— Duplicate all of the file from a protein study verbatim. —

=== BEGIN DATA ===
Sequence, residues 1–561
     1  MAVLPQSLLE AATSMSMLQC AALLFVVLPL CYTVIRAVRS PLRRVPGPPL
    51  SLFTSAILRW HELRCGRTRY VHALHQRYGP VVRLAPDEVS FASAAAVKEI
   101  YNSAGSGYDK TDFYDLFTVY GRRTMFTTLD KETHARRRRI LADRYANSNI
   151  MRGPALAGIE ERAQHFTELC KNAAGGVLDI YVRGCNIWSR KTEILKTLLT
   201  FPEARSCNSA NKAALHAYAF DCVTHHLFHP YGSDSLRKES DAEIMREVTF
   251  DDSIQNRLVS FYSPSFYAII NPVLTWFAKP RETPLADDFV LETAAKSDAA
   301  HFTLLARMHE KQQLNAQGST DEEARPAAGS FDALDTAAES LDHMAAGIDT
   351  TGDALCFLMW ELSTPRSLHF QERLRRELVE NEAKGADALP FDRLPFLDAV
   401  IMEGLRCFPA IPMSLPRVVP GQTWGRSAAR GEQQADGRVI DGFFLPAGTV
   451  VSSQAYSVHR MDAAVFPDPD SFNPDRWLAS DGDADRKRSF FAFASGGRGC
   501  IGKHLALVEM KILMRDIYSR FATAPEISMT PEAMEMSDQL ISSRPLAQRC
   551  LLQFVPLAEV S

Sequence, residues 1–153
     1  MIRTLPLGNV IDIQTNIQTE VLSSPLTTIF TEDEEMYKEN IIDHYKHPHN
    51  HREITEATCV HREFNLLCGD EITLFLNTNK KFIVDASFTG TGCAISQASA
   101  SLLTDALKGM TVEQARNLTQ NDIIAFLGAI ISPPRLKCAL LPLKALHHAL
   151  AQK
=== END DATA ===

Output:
Sequence, residues 1–561
     1  MAVLPQSLLE AATSMSMLQC AALLFVVLPL CYTVIRAVRS PLRRVPGPPL
    51  SLFTSAILRW HELRCGRTRY VHALHQRYGP VVRLAPDEVS FASAAAVKEI
   101  YNSAGSGYDK TDFYDLFTVY GRRTMFTTLD KETHARRRRI LADRYANSNI
   151  MRGPALAGIE ERAQHFTELC KNAAGGVLDI YVRGCNIWSR KTEILKTLLT
   201  FPEARSCNSA NKAALHAYAF DCVTHHLFHP YGSDSLRKES DAEIMREVTF
   251  DDSIQNRLVS FYSPSFYAII NPVLTWFAKP RETPLADDFV LETAAKSDAA
   301  HFTLLARMHE KQQLNAQGST DEEARPAAGS FDALDTAAES LDHMAAGIDT
   351  TGDALCFLMW ELSTPRSLHF QERLRRELVE NEAKGADALP FDRLPFLDAV
   401  IMEGLRCFPA IPMSLPRVVP GQTWGRSAAR GEQQADGRVI DGFFLPAGTV
   451  VSSQAYSVHR MDAAVFPDPD SFNPDRWLAS DGDADRKRSF FAFASGGRGC
   501  IGKHLALVEM KILMRDIYSR FATAPEISMT PEAMEMSDQL ISSRPLAQRC
   551  LLQFVPLAEV S

Sequence, residues 1–153
     1  MIRTLPLGNV IDIQTNIQTE VLSSPLTTIF TEDEEMYKEN IIDHYKHPHN
    51  HREITEATCV HREFNLLCGD EITLFLNTNK KFIVDASFTG TGCAISQASA
   101  SLLTDALKGM TVEQARNLTQ NDIIAFLGAI ISPPRLKCAL LPLKALHHAL
   151  AQK